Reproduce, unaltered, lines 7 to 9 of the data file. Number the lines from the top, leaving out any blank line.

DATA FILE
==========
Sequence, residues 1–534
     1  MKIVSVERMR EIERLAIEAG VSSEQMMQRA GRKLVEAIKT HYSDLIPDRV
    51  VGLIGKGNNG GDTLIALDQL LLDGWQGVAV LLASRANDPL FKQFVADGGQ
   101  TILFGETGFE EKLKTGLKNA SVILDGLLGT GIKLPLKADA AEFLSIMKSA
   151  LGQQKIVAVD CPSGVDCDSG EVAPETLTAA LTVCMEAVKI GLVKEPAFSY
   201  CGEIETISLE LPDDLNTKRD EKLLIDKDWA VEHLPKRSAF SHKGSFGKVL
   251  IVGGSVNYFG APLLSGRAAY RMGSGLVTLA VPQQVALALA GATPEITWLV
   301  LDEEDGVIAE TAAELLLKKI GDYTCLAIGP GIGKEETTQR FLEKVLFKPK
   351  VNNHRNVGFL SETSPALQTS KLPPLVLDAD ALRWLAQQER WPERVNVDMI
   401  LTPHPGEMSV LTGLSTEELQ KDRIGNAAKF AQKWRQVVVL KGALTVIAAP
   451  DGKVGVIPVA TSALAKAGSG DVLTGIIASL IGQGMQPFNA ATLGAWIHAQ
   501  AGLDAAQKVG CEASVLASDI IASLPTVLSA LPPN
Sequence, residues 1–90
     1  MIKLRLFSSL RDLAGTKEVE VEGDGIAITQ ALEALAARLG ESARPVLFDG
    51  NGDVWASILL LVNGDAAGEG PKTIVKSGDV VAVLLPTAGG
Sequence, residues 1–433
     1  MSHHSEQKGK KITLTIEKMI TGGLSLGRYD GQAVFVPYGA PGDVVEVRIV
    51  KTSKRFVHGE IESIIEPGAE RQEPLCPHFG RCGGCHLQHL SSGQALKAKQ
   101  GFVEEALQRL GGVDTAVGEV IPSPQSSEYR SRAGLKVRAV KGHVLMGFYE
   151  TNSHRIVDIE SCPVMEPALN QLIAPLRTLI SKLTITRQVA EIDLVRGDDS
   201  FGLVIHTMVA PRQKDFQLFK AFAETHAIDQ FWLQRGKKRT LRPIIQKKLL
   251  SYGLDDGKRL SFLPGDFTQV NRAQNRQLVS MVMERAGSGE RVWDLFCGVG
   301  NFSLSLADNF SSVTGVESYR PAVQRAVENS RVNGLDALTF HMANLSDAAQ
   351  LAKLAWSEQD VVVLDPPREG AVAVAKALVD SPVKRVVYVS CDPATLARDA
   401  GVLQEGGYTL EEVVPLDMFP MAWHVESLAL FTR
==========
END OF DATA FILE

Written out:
   251  IVGGSVNYFG APLLSGRAAY RMGSGLVTLA VPQQVALALA GATPEITWLV
   301  LDEEDGVIAE TAAELLLKKI GDYTCLAIGP GIGKEETTQR FLEKVLFKPK
   351  VNNHRNVGFL SETSPALQTS KLPPLVLDAD ALRWLAQQER WPERVNVDMI